2017 Summer Workshop: Hudson Valley

Justice in Place: Downtown Regeneration in the shadow of Urban Renewal in Hudson River Valley, NY
August 1 - 18, 2017
Research Question
The aim of the Poughkeepsie Workshop was to create a community-informed, design-based narrative of a particular place: in this case, the Fall Kill Creek, an historic and long-ignored piece of urban infrastructure that runs through several neighborhoods in Poughkeepsie, and into the Hudson River. The Workshop was organized to test how students in different programs within the GSAPP (Historic Preservation, Architecture, and Urban Design) might co-learn; to create a safe space for interaction between students and local residents and organizations; and for students, faculty and local partners to collectively develop forward-looking urban research.
Methodology and Process
The workshop entailed intensive documentation of the Fall Kill and its adjacent and diverse communities. Each day consisted of site and area walks, recorded interviews, archival research, photography, cinematography, handheld phone datamining, and empirical note taking. On-site work was coupled with guest lectures from local speakers (politicians, journalists, historians, activists, and a youth group that organizes periodic cleanups), with GSAPP faculty, and from MASS Design Group team members (research and community engagement associates, and videographers). Students created and compiled images, maps, texts and other information to start a new archive for future work on the Fall Kill and in the region.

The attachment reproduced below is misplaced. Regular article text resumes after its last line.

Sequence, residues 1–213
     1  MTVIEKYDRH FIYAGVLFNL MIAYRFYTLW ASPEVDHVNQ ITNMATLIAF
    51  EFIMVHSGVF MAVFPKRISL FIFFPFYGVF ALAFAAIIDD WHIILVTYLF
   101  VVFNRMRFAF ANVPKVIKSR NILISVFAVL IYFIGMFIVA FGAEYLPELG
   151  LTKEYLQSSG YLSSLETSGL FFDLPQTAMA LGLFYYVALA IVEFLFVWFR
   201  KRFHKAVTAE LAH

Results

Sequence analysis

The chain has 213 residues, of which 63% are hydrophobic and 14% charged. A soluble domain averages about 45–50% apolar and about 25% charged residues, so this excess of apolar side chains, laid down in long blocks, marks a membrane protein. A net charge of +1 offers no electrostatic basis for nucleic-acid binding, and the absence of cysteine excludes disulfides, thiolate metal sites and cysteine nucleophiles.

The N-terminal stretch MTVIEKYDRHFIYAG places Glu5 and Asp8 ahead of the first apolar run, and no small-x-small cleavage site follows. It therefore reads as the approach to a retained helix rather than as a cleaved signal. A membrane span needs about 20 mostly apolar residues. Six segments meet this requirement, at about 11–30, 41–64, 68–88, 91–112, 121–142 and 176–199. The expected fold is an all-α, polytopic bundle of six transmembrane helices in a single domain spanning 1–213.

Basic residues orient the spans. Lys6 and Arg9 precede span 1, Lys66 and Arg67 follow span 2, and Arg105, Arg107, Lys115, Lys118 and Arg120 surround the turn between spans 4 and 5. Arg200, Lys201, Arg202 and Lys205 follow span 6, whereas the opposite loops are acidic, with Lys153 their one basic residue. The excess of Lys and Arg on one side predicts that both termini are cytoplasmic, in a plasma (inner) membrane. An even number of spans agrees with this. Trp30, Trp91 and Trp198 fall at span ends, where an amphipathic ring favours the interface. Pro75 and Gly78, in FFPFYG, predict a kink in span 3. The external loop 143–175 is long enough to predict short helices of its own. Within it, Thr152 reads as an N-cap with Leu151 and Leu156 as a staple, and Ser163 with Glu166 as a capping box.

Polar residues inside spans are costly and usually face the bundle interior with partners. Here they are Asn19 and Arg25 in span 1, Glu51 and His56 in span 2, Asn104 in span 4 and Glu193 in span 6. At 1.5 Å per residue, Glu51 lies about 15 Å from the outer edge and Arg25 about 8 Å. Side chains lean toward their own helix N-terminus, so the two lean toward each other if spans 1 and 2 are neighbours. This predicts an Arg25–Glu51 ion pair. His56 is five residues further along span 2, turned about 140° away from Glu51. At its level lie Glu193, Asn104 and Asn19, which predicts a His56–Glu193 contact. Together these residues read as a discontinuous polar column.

Output and Findings
The Workshop concluded with an exhibit demonstrating the complex history and status of the Fall Kill, and its role in the shaping of Poughkeepsie. With new maps, photographs, and an informational video showing site visits and community interviews, the exhibit sought to amplify local interest in the creek and its potential for change. The Workshop participants also produced a booklet documenting the process of research. Both the exhibit and the booklet raised questions about the social ecology of the creek, including historical patterns of industrial use, ongoing problems of waste and debris, stewardship of the creek, its walls and adjacent properties, questions of property tenure and absentee ownership, and long-term patterns of local and regional inequality. Pedagogically, the Workshop experimented with a model for Urban Design which treats the spaces of the city in experiential terms alongside their role in regional dynamics.